T. L. (The lone) Ranger
Can you believe that this dog is a monster? Devil dog? Terror of many lands? Believe it.
Needless to say, we should have known better, with the curly tail and bright eye and all, and no, we haven't forgotten our new guinea wild dogs. Ranger even resembles them startlingly in some ways, but he lacks their pure instinct for malice, of which he has none at all. All his faults are of excessively high puppy spirits.
He looks innocent enough...
... until you learn about the big teeth and his inclination to mouthiness. He never bites, understand, but the wrap on Mary's wrist is useful to keep the blood off the rug. When I run him, from my bike - an arrangement at which he is a brilliant and athletic participant - he sometimes puts his mouth around my calf to let me know he wants something, all without breaking stride.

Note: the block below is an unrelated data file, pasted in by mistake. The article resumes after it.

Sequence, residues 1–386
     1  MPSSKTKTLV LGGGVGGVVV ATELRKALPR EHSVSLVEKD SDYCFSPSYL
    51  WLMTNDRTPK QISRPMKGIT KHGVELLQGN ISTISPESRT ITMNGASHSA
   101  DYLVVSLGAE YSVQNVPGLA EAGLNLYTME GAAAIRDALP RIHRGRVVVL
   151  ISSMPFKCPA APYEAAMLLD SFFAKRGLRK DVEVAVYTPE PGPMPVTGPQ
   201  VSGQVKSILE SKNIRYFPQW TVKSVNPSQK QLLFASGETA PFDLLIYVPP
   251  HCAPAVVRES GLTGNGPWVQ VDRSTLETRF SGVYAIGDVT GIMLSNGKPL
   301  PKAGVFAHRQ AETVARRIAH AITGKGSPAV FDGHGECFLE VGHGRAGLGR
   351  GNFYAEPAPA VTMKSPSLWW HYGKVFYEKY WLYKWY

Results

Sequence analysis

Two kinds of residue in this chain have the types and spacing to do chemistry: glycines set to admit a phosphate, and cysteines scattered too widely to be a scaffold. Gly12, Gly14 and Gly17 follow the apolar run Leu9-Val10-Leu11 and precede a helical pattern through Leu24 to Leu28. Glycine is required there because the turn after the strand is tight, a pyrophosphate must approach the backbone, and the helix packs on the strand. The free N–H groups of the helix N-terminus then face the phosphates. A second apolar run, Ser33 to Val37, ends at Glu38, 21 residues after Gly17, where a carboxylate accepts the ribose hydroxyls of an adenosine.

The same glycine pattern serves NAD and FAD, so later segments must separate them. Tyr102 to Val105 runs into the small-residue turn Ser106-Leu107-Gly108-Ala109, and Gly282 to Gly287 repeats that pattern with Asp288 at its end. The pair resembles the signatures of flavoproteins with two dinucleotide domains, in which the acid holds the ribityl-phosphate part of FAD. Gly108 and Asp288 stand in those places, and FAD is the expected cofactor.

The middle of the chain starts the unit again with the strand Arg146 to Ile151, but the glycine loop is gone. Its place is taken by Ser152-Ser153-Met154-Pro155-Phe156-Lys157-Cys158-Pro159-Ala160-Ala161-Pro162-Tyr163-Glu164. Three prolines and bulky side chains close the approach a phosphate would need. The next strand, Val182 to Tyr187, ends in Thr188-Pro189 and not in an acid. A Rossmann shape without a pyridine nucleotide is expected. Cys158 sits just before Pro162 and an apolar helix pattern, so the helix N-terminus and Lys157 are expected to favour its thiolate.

Sometimes when nobody else will tolerate your teeth anymore it works well to just bite yourself.
He's a herding dog, probably a cross of an Australian Cattle Dog with Rottweiler or maybe shepherd or both, and he herds everything in sight. Besides herding by nipping, he often herds people with a flying chest-high full-body block, sometimes leading with his teeth, always open in a big dog laugh. He's not very big, but he really knows how to use those 40 pounds.
He is exceptionally smart, and very strong and quick, and would terrorize Siegfried if only the cat would run from him. But Zig is 16 and wise, and Ranger has yet to reach his first birthday, and Zig just laughs him off.
The two of us and Patrick are much attached to him. He's been here a week, and while no dog could replace Josh, Master Sergeant Ranger has taken over our security detail with great enthusiasm. Two weeks ago we were grieving Josh's end and had no dog besides. We're still grieving Josh, but the house is full of puppy, and that feels pretty darn good.
T. L Ranger
Scourge of the raccoon world
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